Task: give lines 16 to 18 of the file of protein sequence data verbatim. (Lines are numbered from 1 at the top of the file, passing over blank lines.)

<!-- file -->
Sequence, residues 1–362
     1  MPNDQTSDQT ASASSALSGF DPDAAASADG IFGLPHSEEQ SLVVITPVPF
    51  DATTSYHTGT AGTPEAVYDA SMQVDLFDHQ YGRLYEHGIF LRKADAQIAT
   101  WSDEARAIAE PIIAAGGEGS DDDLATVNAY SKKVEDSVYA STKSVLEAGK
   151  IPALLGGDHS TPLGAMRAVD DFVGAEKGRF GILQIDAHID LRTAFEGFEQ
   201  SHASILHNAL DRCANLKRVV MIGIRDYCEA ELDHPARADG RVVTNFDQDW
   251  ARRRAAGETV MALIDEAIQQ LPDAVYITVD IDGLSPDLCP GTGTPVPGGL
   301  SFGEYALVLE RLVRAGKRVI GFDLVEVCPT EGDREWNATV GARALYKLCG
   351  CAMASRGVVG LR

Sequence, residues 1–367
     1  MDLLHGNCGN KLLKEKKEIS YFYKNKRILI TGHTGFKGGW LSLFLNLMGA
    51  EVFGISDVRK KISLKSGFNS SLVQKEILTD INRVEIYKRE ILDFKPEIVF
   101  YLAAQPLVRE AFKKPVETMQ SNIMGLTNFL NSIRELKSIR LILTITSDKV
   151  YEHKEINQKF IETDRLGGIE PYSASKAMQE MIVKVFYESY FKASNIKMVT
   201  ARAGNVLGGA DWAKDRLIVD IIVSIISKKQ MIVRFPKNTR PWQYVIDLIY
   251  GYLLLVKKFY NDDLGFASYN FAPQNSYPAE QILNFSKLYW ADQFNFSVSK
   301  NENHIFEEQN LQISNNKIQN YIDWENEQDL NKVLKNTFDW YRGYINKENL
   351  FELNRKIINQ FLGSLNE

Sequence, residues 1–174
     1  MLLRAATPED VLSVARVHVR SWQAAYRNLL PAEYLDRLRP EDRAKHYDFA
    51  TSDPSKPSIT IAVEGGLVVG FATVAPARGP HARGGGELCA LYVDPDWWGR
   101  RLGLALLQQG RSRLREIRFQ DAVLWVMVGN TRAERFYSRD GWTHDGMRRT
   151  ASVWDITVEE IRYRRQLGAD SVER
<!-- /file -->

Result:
   251  GYLLLVKKFY NDDLGFASYN FAPQNSYPAE QILNFSKLYW ADQFNFSVSK
   301  NENHIFEEQN LQISNNKIQN YIDWENEQDL NKVLKNTFDW YRGYINKENL
   351  FELNRKIINQ FLGSLNE